That would be me.
I like David Brooks’ pop sociology – for all its inaccuracies -- better than I like his politics.
And when he used the term Christmas Ohioan in his Times Select column two weeks, I felt a pang of recognition.
Ohioans are leaving the state, only to return for the holidays, because manufacturing is shedding jobs. Some of that is byproduct of productivity growth. More goods can be made with fewer people. Some, I suspect, is the by product of global competition – including the impact of competition spurred by exchanges rates that the central banks of some manufacturing powerhouses have kept lower than they otherwise would be.
Kansans are leaving the state because of agricultural productivity growth, not Argentine exchange rate manipulation. One man (or woman), a modern tractor and a modern combine can grow an awful lot of wheat – a lot more than a man, an old tractor and an old combine, let alone a man, a team of horses and threshing machine.
One Walmart, a fleet of trucks, an interstate, a global supply chain and customers willing to drive an hour for a bargain (that is part of Walmart’s distribution) can sell the goods formerly sold by a lot of small stories – and generally with fewer workers and lower price.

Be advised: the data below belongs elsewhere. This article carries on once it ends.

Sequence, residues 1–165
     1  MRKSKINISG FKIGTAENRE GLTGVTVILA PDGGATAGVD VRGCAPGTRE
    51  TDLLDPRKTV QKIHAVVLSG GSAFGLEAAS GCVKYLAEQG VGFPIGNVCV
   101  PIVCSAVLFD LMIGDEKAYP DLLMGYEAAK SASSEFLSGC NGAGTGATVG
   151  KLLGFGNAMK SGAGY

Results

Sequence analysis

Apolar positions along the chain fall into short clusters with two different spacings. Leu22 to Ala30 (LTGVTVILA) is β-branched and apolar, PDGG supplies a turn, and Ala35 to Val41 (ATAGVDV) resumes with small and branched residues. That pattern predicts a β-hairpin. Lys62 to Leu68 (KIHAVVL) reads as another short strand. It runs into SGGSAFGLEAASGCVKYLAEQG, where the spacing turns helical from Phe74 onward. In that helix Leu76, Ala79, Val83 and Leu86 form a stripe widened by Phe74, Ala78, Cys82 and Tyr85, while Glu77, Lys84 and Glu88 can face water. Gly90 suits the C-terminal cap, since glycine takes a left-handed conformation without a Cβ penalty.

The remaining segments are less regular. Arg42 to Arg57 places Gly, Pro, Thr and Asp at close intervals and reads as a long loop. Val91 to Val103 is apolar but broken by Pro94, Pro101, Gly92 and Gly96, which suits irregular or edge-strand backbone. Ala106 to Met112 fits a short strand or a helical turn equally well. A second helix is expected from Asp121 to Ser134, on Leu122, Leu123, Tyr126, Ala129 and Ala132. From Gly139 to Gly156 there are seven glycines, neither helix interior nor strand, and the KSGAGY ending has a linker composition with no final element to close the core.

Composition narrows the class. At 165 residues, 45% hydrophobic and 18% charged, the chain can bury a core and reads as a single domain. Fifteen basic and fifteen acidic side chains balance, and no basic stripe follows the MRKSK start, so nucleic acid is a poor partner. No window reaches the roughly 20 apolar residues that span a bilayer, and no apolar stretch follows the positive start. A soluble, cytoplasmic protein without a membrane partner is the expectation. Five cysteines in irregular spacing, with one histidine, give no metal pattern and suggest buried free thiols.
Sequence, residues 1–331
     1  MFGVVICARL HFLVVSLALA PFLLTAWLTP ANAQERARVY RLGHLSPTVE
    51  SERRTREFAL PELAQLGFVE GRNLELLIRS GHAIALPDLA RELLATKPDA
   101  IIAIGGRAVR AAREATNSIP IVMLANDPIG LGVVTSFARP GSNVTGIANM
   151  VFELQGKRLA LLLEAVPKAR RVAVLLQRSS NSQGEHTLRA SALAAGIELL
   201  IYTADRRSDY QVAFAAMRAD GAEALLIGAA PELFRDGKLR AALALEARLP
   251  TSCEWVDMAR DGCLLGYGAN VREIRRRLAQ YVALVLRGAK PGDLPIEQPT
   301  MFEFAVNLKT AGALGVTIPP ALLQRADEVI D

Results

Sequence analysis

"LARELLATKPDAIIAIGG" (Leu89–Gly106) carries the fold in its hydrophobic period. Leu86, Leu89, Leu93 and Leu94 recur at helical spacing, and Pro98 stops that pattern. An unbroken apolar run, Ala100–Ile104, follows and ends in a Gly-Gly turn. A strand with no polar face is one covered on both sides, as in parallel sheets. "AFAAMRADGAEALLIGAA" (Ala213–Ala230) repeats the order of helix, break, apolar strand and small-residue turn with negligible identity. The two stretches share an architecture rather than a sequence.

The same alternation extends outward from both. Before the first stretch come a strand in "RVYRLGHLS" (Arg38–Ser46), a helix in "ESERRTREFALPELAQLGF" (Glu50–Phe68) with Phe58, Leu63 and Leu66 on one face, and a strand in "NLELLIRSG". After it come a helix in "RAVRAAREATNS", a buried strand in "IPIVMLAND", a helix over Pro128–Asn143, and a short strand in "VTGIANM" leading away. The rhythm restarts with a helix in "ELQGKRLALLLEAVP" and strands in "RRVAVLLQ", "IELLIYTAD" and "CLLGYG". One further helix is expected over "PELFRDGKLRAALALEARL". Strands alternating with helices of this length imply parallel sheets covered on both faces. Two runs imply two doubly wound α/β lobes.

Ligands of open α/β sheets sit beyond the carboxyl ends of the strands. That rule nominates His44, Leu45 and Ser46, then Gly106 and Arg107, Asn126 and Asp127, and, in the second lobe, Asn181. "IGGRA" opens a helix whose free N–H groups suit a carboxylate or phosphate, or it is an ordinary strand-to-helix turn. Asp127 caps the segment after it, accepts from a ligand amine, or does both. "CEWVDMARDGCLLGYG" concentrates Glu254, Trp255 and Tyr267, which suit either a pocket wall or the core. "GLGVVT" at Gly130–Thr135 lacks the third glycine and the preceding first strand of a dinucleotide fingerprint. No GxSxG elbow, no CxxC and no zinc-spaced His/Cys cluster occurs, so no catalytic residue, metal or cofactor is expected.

Some of the labor no longer needed to work the land and the shops that sell to those who work the land ends up in university towns in the Midwest. Some ends up in suburban Kansas City. Some ends up in DC. And some ends up in New York City.
I grew up in a (thriving) university town, not a (slowing shrinking) small market town built around a grain elevator, the local bank and the country courthouse. But I am still touched by occasional story about small town Kansas that runs in the Times, particularly if the story is done well. I am aware that change – Schumpeter’s creative destruction – sometimes doesn’t just mean moving into new activities. Sometimes it also means moving away.
Those who have left are not in the greatest position to comment on the politics of those who have not. But I am heartened by stories that suggest Kansan politics is returning to the center – after a long period when it drifted away.